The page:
TORONTO — WorldPride 2014 takes Toronto by storm this June, and the Art Gallery of Ontario (AGO) plans to celebrate with a special exhibition. Fan the Flames: Queer Positions in Photography will examine the play of gender in photography and video, and is set to open on June 18, 2014, days before the official start to the festival.
On view until September, Fan the Flames: Queer Positions in Photography features a group of artists whose work documents, questions and extends the practice of drag, often now seen as conceptual performance art. Curated by Sophie Hackett, associate curator of photography, the exhibition explores the artists’ sometimes playful views on fashioning identity through images, building on a range of sources from Claude Cahun to LIFE magazine to television soap operas. Featuring historical and contemporary works by Canadian and international artists, Fan the Flames: Queer Positions in Photography draws from the AGO photography collection and the Canadian Lesbian and Gay Archives, as well as select loans from private collections.
Adding to this significant moment in the city, the Ryerson Image Centre (RIC) will simultaneously open a related exhibition, also curated by Hackett. What It Means To Be Seen: Photography and Queer Visibility will focus on how photographs—press images and snapshots, in particular—have helped to coalesce a sense of common experience and connection within gay communities. Drawing from Ryerson University’s Black Star Collection and from prominent institutional holdings worldwide, the exhibition will allow viewers to see how the medium has historically been used (and misused) to make queer people visible, collectively and individually. The exhibition is presented by TD Bank Group and will be on view at the RIC from June 18 to Aug. 24, 2014.
“The issue of visibility has long been tied to the idea of greater acceptance of the LGBTQ community,” said Hackett. “These two exhibitions provide an opportunity to reflect on and explore the role of photography in creating visibility for queer people through the work of both international and local artists. This is an incredible chance to see some of rich photographic material that deals with the topic from a number of sources, including the AGO’s photography collection and the RIC’s acclaimed Black Star Collection.”
Further details will be announced as they become available.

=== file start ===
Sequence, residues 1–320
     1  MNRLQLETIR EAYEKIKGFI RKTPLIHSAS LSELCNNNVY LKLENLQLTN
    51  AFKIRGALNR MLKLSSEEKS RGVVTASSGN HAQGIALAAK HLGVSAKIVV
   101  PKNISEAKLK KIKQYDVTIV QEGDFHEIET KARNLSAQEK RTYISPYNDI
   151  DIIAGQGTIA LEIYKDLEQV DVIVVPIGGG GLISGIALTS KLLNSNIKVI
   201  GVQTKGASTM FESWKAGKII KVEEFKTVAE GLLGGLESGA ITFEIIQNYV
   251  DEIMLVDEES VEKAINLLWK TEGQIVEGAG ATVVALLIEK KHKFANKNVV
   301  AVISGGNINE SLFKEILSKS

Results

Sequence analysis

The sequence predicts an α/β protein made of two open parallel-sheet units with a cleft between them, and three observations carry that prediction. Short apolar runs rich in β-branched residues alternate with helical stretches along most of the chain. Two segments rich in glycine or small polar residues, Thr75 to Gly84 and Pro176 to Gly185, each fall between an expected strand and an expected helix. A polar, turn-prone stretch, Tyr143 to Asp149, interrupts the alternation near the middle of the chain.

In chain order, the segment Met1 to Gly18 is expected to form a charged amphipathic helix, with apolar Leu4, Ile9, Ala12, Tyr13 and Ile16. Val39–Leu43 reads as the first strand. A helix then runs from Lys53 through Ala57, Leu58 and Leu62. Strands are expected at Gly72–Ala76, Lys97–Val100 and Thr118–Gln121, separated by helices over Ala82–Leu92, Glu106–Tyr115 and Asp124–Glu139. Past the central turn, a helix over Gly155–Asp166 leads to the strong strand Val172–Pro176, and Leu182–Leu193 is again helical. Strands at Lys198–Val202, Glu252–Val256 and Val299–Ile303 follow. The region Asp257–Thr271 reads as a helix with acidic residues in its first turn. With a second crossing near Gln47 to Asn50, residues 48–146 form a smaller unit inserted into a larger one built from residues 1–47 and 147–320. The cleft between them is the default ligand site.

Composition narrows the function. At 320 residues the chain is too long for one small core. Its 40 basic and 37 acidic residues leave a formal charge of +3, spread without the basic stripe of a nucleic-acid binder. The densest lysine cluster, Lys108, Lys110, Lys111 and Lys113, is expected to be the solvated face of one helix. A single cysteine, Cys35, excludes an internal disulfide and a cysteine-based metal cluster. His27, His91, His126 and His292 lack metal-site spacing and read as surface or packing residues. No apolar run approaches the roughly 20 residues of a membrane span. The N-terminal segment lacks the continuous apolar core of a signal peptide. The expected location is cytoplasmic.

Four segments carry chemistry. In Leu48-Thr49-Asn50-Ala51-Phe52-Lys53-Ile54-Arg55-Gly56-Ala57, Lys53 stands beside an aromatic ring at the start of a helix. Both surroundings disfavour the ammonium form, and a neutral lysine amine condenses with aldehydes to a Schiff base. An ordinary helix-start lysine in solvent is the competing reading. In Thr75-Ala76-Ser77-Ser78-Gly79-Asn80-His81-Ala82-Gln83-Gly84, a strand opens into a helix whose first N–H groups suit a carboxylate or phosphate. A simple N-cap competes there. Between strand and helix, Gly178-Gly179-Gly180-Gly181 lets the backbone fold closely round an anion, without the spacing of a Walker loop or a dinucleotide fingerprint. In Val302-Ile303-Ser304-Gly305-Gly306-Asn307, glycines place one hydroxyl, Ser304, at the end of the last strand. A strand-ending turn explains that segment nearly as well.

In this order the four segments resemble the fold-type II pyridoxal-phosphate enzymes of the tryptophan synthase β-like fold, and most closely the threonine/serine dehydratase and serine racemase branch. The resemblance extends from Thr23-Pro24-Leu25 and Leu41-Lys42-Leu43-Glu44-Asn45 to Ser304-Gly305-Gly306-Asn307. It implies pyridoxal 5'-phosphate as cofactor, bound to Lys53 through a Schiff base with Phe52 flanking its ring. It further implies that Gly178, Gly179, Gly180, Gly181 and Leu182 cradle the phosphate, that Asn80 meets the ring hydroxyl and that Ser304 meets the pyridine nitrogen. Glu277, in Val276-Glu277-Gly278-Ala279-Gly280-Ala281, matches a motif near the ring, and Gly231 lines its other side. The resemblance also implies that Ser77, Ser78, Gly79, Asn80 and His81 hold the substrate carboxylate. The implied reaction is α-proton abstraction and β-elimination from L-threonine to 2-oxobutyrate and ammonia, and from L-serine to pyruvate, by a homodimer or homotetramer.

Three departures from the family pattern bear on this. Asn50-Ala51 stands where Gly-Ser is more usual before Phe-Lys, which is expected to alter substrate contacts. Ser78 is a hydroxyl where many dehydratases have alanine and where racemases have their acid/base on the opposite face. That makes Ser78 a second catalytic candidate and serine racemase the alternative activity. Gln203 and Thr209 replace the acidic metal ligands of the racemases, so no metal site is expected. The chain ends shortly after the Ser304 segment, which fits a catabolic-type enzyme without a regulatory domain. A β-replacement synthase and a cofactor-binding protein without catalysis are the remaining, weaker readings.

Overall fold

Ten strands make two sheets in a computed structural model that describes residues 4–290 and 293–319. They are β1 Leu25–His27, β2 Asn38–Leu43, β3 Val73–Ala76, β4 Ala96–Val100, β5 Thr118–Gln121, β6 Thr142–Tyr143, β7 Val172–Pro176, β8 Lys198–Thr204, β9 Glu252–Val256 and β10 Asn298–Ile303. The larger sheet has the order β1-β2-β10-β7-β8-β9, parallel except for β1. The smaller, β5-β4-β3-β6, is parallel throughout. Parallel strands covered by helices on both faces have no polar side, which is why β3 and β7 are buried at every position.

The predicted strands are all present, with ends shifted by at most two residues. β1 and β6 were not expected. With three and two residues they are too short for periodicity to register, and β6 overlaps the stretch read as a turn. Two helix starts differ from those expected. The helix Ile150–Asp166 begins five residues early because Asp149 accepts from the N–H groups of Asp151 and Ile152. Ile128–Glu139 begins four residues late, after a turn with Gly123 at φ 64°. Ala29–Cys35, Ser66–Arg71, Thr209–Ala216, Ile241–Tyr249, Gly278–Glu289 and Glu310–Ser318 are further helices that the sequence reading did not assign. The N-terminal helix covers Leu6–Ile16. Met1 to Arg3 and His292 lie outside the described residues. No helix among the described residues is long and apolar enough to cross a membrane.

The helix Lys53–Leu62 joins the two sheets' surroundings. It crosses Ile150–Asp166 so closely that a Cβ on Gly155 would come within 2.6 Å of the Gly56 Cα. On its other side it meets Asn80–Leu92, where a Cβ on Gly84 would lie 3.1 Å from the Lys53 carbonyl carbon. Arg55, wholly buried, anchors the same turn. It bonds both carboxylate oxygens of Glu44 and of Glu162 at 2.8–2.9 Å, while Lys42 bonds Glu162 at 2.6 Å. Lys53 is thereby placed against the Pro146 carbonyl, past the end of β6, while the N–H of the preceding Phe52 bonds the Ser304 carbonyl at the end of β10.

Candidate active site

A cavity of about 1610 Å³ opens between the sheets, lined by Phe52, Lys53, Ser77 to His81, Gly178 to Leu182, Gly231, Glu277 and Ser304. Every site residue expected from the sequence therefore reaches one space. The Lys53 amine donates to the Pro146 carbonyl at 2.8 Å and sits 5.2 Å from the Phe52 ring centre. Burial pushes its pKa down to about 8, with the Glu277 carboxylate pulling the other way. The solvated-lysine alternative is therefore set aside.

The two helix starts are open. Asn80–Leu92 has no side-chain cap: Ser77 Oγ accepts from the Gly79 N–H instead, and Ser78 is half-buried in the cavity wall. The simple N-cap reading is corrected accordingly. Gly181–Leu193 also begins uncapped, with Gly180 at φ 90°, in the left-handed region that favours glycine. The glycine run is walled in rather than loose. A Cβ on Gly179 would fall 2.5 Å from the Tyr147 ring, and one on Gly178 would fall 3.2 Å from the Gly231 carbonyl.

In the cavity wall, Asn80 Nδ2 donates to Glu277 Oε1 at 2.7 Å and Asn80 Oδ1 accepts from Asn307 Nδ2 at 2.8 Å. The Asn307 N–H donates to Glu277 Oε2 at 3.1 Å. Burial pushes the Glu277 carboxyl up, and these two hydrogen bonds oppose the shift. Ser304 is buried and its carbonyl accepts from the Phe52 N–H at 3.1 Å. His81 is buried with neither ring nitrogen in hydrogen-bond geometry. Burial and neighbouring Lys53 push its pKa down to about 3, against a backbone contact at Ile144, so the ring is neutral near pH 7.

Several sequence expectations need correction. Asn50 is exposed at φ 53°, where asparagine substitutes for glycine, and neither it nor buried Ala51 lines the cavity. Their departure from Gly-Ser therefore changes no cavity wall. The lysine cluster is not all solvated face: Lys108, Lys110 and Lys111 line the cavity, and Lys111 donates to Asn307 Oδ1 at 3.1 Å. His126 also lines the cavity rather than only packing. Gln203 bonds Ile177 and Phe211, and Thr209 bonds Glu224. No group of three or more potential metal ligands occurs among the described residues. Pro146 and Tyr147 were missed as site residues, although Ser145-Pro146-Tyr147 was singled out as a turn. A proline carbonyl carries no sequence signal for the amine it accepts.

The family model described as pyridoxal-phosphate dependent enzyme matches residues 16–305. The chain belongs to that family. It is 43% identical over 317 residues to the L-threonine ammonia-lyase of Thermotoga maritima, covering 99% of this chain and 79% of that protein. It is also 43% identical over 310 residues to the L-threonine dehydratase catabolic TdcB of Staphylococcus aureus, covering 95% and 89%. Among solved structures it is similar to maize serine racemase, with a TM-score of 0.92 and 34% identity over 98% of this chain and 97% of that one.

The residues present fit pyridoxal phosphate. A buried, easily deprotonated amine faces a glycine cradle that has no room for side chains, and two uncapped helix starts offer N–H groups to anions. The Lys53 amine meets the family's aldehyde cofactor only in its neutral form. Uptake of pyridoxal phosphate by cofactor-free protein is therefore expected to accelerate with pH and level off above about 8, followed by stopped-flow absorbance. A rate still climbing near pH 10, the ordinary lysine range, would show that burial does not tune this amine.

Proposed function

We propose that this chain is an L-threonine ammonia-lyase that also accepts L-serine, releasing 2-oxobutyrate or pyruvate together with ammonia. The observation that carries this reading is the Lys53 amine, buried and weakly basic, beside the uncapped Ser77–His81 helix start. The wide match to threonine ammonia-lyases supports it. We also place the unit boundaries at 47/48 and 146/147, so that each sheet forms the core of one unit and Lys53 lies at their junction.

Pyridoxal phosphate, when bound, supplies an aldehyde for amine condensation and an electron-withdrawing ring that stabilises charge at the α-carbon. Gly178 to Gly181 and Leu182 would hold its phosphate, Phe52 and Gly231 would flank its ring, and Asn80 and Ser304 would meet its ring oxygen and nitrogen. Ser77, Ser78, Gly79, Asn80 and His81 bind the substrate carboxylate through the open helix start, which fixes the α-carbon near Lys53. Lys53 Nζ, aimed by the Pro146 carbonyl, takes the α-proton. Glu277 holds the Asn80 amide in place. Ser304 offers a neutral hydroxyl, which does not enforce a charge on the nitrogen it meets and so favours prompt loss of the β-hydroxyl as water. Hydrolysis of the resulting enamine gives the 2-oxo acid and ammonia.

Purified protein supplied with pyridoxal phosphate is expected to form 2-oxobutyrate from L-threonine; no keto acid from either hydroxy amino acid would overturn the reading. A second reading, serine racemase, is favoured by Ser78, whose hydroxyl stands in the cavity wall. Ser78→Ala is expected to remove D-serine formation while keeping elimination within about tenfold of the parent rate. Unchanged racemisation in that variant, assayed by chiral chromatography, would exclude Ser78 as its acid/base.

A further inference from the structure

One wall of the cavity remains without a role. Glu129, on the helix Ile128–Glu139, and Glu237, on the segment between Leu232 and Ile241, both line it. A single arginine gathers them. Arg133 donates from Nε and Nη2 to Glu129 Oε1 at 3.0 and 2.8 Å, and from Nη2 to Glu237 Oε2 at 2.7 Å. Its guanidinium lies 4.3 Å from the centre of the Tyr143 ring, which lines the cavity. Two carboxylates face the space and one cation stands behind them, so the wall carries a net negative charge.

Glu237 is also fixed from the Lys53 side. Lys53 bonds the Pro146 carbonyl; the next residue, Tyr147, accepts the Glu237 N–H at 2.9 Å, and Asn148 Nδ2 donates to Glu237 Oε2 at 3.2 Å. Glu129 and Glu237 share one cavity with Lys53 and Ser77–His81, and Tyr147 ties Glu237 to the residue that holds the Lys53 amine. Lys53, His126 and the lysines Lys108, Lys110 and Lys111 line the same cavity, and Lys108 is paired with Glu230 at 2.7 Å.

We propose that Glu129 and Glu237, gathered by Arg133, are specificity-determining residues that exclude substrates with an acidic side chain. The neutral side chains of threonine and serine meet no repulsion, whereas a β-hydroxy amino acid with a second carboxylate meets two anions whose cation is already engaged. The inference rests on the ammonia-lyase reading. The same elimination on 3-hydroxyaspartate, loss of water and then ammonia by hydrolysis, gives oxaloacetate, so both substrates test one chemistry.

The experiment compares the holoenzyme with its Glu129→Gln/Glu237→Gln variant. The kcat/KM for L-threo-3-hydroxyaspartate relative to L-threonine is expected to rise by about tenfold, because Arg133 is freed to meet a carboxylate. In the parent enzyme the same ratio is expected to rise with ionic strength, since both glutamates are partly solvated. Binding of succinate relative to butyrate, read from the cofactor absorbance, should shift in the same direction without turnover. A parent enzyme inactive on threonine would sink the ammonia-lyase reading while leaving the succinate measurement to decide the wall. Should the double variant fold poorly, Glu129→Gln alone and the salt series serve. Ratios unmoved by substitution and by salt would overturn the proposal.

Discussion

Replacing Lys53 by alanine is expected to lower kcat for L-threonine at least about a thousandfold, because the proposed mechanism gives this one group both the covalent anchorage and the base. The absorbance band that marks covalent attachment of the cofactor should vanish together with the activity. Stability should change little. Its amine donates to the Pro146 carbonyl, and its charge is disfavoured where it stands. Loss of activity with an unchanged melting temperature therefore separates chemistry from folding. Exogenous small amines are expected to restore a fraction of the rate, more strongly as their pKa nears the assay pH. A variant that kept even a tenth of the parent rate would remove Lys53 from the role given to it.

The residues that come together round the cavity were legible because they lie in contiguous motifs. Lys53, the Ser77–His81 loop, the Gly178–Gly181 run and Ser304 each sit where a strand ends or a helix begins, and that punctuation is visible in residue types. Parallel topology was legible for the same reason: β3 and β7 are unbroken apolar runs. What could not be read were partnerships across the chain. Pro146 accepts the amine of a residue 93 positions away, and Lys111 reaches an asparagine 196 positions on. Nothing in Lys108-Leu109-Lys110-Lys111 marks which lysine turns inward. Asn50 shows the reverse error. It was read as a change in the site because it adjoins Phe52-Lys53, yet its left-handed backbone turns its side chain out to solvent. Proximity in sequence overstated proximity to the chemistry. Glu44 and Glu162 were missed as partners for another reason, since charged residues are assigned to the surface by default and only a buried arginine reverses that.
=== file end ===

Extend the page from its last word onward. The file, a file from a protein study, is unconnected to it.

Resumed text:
Contemporary programming at the AGO is generously supported by the Canada Council for the Arts.
The AGO acknowledges the generous support of Aimia, Signature Partner of the Photography Collection Program.
ABOUT THE AGO
With a collection of more than 80,000 works of art, the Art Gallery of Ontario is among the most distinguished art museums in North America. From the vast body of Group of Seven and signature Canadian works to the African art gallery, from the cutting-edge contemporary art to Peter Paul Rubens’ masterpiece The Massacre of The Innocents, the AGO offers an incredible art experience with each visit. In 2002 Kenneth Thomson’s generous gift of 2,000 remarkable works of Canadian and European art inspired Transformation AGO, an innovative architectural expansion by world-renowned architect Frank Gehry that in 2008 resulted in one of the most critically acclaimed architectural achievements in North America. Highlights include Galleria Italia, a gleaming showcase of wood and glass running the length of an entire city block, and the often-photographed spiral staircase, beckoning visitors to explore. The AGO has an active membership program offering great value, and the AGO’s Weston Family Learning Centre offers engaging art and creative programs for children, families, youth and adults. Visit ago.ca to find out more about upcoming special exhibitions, to learn about eating and shopping at the AGO and to register for programs and to buy tickets or memberships.
Nov. 30, 2013 – March 2, 2014: The Great Upheaval: Masterpieces from the Guggenheim Collection, 1910-1918
April 5, 2014 – July 6, 2014: Francis Bacon & Henry Moore
The Art Gallery of Ontario receives additional operating support from the City of Toronto, the Canada Council for the Arts and generous contributions from AGO members, donors and private-sector partners.
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